Born 1498 in Villafranca, Spain, died 1568 in Mexico City.
From the Encyclopedia Britannica:
As a young man, he spent eight adventurous years in the Spice Islands (the Moluccas). In 1553 (He was 55), he entered the Augustinian order and became a friar.
Philip II (of whom, self must interject, there are MANY MANY FAN FICTIONS WRITTEN, possibly by high school students bored out of their minds with World History class; some of these are quite salacious WTH PHILIP II??!!) asked him to guide an expedition to the Philippines and find a route home. Spain had sent five previous expeditions, all ending in disaster.
In April 1521 (He was 23), Urdaneta guided the Magellan expedition to Cebu. By 1st of June, Magellan was dead (Killed on Mactan by a native chief, who is remembered today in the name of a FISH, Lapu-Lapu).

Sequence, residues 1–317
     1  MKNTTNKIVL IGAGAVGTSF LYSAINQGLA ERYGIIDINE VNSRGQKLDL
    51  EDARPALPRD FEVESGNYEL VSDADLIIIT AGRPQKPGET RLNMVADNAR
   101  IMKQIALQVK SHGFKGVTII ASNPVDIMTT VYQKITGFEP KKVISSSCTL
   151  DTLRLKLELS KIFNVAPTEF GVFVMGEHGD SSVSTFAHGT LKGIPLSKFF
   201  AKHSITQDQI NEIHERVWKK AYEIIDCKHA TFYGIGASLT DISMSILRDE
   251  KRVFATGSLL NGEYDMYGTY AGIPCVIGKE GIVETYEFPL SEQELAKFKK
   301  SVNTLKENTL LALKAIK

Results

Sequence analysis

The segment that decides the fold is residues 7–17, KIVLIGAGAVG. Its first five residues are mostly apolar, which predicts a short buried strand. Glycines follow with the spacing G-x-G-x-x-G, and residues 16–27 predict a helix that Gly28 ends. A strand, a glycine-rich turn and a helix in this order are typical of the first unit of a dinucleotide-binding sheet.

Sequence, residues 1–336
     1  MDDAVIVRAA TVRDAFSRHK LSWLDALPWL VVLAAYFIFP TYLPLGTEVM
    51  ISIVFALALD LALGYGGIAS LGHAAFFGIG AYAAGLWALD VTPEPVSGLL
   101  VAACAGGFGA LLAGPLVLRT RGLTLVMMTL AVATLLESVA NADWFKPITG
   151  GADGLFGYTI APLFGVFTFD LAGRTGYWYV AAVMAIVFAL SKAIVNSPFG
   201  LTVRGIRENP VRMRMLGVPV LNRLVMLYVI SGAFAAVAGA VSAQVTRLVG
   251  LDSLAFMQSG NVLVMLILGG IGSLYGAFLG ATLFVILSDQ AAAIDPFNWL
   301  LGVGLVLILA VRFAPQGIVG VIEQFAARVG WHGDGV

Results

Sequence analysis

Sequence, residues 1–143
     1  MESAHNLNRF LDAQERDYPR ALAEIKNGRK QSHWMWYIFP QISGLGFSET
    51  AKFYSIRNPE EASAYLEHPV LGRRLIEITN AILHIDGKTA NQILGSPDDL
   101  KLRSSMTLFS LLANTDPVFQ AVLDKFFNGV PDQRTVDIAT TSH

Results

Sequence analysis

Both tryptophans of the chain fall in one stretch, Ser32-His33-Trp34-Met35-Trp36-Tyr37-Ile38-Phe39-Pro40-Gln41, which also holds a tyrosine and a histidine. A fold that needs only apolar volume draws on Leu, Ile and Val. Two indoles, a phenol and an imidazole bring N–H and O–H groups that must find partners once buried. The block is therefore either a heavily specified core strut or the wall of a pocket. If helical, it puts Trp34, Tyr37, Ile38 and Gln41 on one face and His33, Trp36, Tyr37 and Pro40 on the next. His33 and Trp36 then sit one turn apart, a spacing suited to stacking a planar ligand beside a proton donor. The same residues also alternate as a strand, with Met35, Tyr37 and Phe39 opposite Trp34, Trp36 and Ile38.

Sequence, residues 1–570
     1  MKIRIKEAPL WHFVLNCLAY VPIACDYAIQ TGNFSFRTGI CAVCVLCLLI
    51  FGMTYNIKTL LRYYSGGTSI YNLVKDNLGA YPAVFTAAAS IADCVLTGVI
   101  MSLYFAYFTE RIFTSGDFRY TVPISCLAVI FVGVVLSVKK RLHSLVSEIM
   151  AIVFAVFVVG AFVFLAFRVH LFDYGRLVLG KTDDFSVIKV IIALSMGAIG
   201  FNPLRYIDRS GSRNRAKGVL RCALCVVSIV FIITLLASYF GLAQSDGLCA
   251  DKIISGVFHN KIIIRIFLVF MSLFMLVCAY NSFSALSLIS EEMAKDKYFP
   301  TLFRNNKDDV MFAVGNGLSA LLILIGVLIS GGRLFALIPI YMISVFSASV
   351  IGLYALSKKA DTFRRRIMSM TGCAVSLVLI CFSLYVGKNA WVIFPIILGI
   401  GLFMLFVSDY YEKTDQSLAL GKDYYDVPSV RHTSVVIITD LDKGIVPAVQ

Self would argue that the 1st of June 1521 was a truly significant date, in fact world-changing. Because that was the date when Urdaneta and the remnants of Magellan’s crew embarked from the Philippines and headed for home. By sailing at high latitudes, about 42 degrees N, Urdaneta was able to find a current. He reached the Isthmus of Panama in 123 days. He guided the survivors, all on one ship (out of the five they’d started out with) back to Spain, arriving in September 1522, thereby completing the first circumnavigation of the world. And why Magellan gets all the credit, self just doesn’t know. The second leg of the journey was clearly more important than the first: it was Spain’s sixth attempt to circumnavigate the globe, and the one that finally succeeded.
The Survivors: Sebastian Elcano, a Basque; 17 other Europeans (including Antonio de Pigafetta, a noble from Vicenza, who published his account of the journey); and four natives. All that remained of a crew of 270.
Writing this post made self exceedingly restless, so she walked down to the lake. She took her MacBook with her, which is what she used to take this picture.
Stay tuned, dear blog readers. Stay tuned.